Why Google Needs to Tighten Up

| About: Alphabet Inc. (GOOG)

Google’s (NASDAQ:GOOG) Q4 earnings, reported yesterday, exceeded market expectations. Revenue of $5.7 billion grew 18% over the year and 4% sequentially. EPS of $5.10 represented 15% annual growth and 4% quarterly growth. The market was expecting revenue of $5.6 billion and EPS of $4.95. Profits, however, fell year over year. Net income for the three months ended in December fell sharply to $382 million, or $1.21 a share, from $1.2 billion, or $3.79 a share, in the same period a year earlier.

Google.com’s revenue grew 22% over the year to $3.8 billion, and AdSense was up 4% year-over-year to $1.7 billion. Global aggregate paid-click recorded growth of 18% over the year and 10% over the quarter.

US revenues rose 13% annually to $2.8 billion. International revenue contributed 50% of total revenue, though there was softness in the UK markets, which were down 1% over the year. The rest of Europe was driven by strong growth in Germany, France and the Netherlands.

Continuing its efforts to monetize YouTube, Google introduced sponsored videos and new video contests on the site this quarter, including a contest to win a trip to the Davos World Economic Forum and Project: Report, a journalism contest produced in partnership with the Pulitzer Center.

During the year, Google improved its search experience through more than 350 innovations. The biggest addition was the increased size of their index; they tripled the number of queries that trigger different types of results across images, videos, news, blogs, websites, and of course, books, but still abstained on vertical search.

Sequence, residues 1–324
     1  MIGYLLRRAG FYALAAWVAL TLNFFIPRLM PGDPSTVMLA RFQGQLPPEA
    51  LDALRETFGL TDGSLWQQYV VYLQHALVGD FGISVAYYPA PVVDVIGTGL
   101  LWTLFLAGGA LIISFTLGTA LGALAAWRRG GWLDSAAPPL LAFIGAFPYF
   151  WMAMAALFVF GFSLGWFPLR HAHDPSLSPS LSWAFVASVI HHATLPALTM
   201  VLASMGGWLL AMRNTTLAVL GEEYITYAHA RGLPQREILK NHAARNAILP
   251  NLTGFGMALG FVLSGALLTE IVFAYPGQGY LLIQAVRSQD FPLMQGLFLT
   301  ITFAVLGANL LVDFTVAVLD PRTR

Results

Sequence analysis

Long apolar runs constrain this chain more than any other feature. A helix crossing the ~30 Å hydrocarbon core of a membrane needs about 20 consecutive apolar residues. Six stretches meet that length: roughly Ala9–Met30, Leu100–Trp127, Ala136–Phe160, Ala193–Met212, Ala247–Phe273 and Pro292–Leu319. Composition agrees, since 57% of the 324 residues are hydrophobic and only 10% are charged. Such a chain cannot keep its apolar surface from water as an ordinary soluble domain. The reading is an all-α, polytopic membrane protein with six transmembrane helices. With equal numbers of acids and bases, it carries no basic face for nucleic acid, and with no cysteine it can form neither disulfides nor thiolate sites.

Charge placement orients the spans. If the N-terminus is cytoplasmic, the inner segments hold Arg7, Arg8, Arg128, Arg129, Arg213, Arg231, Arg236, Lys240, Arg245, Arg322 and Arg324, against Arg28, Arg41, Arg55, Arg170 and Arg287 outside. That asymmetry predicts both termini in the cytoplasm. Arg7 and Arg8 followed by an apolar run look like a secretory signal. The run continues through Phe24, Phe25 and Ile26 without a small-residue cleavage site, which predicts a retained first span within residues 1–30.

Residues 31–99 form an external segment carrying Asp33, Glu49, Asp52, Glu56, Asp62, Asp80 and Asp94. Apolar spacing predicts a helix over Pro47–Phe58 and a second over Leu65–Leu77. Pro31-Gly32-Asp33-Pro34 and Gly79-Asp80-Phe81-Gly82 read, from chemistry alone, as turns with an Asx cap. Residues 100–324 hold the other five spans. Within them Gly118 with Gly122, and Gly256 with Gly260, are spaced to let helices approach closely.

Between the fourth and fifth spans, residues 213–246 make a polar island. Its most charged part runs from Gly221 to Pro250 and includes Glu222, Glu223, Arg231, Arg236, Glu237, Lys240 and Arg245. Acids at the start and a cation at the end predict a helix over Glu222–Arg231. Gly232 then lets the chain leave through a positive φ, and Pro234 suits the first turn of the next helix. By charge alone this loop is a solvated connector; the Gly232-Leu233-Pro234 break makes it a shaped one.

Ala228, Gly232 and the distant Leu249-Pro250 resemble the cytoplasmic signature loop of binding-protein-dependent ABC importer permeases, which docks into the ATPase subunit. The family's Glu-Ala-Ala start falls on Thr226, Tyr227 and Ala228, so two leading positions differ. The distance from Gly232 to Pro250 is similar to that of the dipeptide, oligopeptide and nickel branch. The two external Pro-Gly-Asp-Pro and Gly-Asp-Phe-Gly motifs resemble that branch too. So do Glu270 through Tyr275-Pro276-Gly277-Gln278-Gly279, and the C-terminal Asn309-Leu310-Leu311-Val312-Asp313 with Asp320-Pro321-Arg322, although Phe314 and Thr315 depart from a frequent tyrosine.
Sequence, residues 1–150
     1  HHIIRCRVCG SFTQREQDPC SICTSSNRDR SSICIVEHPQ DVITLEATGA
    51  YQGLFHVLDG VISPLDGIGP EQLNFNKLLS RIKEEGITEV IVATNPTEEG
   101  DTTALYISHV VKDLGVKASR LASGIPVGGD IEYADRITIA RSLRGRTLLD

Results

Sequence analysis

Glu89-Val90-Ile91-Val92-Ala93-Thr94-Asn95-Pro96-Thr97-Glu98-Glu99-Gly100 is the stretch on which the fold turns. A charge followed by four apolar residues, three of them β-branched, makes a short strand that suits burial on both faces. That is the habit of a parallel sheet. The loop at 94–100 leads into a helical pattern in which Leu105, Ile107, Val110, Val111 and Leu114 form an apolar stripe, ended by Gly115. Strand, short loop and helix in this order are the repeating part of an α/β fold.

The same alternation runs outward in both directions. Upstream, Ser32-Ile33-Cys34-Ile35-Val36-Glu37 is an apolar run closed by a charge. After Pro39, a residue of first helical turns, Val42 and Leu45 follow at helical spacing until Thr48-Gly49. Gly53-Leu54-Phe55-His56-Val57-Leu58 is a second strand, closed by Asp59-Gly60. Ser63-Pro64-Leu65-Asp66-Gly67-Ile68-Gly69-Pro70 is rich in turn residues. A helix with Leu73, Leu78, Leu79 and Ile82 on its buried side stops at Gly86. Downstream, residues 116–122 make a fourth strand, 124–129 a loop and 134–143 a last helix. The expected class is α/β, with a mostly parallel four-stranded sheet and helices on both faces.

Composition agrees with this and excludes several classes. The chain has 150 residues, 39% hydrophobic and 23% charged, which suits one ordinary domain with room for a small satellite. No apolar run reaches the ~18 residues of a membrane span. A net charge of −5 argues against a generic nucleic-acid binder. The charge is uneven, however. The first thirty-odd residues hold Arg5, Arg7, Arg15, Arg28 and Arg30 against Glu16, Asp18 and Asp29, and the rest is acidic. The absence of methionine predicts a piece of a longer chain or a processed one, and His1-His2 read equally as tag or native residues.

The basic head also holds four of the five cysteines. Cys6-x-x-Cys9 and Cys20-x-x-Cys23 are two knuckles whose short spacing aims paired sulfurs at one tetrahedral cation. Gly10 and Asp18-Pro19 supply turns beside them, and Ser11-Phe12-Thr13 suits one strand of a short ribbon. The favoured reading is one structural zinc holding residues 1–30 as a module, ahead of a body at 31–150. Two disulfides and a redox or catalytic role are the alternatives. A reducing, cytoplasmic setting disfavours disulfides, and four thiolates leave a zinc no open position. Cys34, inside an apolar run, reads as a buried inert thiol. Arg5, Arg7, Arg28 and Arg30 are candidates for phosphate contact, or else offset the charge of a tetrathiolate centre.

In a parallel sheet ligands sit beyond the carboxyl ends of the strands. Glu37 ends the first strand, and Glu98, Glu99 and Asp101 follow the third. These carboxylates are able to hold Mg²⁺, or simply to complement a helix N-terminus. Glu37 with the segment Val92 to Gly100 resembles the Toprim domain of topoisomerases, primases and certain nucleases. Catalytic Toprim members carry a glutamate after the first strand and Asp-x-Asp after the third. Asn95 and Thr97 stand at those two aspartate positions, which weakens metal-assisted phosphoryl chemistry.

They are extending their monetization strategies to the mobile arena. As more people are using mobile phones to search the web, Google launched a voice search feature for iPhones. They had partnered with T-Mobile for the launch of the first Android phone in October and were “quite pleased with the market’s response.”

Their AOL (NYSE:TWX) stake, however, is giving them trouble. Google had acquired a 5% stake in AOL for $1 billion three years ago and had to record a $726 million hit in the quarter against that purchase price. The Clearwire acquisition is facing similar writeoffs.

In a move to lift employee morale, Google announced that existing options could be exchanged for lower vesting prices. Further, the new options will have 12 months added to their original vesting schedules to help increase employee retention.

The stock meanwhile continued to slip, by 3% to $306.50, after having significantly recovered from a 3-year low of $247.30 in November 2008, right after the announcement. This morning, however, the shares are up to $325.

The investor optimism is partially based on the fact that advertising budget continues to shift from offline to online, especially because of the significantly better measurability of the online channels, and also because consumers and businesses spend increasingly more time on the computer.

Google’s profitability hit, however, raises some concerns. The company has a lot of redundant people who contribute nothing to its business, doing experimental projects. While during the days of grandiose profitability, investors did not question this allocation of resources, with declining profits, they will.

There are also other issues to watch in the profitability equation, including AdWords revenues that have mistargeting, or fraudulent dynamics. While right now, Google is a black box, as technology evolves to provide better independent auditing capabilities, these kinds of algorithm misbehavior is going to become transparent.

Long term, Google’s loosy-goosy culture will need tightening up!